Personally, I hope that the environmental groups keep suing over the coal plant. I have a kid who is going to need a car in a couple years, and if they keep suing, sooner or later I'll get in on that and make some money to buy that car..."



Anonymous said...

It sounds like he set himself up to fail in life. He appears to be marketing himself in one skill that limits his opportunity for work.

His problem is no different than a college professor who specializes in certain field. Both are limited in job opportunity by choosing to work in specialized fields.

Treasure State Jew said...

Anon; Going into plumbing/pipefitting sets a person up to fail in life? This is a highly specialized skill, for which there always be work in a growing economy.

Has your toilet never backed up?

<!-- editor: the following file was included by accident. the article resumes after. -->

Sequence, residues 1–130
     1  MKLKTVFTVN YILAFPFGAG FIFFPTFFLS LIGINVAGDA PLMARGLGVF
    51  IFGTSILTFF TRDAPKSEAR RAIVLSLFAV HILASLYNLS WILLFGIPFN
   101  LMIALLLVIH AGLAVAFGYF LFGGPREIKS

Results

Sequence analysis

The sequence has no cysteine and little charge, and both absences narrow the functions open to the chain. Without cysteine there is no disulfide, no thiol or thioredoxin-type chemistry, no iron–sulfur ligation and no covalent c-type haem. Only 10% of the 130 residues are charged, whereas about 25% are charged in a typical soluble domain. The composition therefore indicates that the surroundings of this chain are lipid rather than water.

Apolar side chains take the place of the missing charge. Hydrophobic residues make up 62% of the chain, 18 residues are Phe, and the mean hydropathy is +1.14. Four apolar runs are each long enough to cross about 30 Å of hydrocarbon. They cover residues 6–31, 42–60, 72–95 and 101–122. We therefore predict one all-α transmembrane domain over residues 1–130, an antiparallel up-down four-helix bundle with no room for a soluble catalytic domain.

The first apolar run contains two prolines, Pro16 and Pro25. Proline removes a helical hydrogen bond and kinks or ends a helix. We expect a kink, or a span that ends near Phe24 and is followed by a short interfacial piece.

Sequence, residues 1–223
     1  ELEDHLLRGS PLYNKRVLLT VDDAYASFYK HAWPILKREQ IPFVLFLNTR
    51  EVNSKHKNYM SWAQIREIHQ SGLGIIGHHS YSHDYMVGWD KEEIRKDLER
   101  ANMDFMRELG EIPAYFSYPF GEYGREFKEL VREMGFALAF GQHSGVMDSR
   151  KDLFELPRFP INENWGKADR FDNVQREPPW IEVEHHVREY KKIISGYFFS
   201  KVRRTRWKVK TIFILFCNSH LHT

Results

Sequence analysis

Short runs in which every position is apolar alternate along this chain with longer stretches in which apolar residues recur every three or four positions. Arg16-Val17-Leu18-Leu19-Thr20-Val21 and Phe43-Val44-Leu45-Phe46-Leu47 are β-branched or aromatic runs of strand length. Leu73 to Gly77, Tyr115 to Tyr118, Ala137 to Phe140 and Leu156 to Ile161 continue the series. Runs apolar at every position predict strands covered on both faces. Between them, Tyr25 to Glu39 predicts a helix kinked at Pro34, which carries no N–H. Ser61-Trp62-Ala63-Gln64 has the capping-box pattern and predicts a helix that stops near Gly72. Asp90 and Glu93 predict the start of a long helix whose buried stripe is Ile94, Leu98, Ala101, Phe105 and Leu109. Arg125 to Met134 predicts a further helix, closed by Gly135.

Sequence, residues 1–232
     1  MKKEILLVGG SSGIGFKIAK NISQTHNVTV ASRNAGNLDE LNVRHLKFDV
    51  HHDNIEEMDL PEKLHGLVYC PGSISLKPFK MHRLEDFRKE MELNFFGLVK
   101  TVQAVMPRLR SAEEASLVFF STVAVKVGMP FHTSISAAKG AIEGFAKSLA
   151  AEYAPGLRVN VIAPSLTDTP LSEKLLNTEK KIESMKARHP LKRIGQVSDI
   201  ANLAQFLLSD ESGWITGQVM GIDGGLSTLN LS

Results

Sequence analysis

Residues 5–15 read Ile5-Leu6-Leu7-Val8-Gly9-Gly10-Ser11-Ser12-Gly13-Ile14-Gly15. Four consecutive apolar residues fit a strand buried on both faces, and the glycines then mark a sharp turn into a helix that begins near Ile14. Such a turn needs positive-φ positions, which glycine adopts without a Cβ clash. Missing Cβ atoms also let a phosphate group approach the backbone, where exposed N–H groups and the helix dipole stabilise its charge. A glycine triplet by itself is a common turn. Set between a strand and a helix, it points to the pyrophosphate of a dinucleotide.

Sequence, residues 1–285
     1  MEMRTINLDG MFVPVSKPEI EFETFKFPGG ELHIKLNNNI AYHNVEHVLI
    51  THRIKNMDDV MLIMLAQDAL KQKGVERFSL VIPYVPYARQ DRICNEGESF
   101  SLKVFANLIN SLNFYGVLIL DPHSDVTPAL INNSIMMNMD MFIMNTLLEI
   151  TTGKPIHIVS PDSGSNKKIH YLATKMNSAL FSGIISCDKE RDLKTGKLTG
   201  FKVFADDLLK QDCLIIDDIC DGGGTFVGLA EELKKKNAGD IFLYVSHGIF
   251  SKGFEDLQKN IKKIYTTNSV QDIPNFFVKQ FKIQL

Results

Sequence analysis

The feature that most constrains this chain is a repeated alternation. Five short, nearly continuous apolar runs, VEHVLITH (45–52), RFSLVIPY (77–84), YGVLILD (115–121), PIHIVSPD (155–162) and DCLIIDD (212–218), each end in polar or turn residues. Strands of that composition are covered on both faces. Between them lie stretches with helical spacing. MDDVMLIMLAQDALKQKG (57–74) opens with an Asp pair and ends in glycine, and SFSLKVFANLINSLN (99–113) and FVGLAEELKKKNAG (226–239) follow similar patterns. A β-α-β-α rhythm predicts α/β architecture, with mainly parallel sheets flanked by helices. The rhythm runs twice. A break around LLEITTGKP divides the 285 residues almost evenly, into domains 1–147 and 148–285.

Geeguy, I don't necessarily think that Jeff's argument has much to do with his personal situation. Rather, it is an argument geared toward the plumbers, electricians and carpenters in our community.

FULL DISCLOSURE: My family are friends with the Legg's.

Anonymous said...


I think you missed the part where I specifically noted "marketing himself in ONE skill" and "specializes in a certain field."

In today's business climate you need to have a broad enough skill set to be successful regardless of the market or be willing to move where the work is.

Jeff obviously had to move because the supply for his skill exceeds the demand.

The more specialized skill you have the more you have to rely on unions. The more diversified your educational and skill background the more opportunity you have to succeed on your own.

That's what's great about America. You can be an employee or an entreprenuer. Both have risks but those who take the greater risk ususally enjoy the greater rewards.

Anonymous said...

TSJ, some of us feel the idea of jobs for the coal plant equate to jobs for unemployed nazis that built concentration camps. How about jobs for ghetto youths selling meth. They all have families to support so who can knock them?

Jobs are great but the outcome sucks in each case.

Media bleeding heart cases insult both sides.

Anonymous said...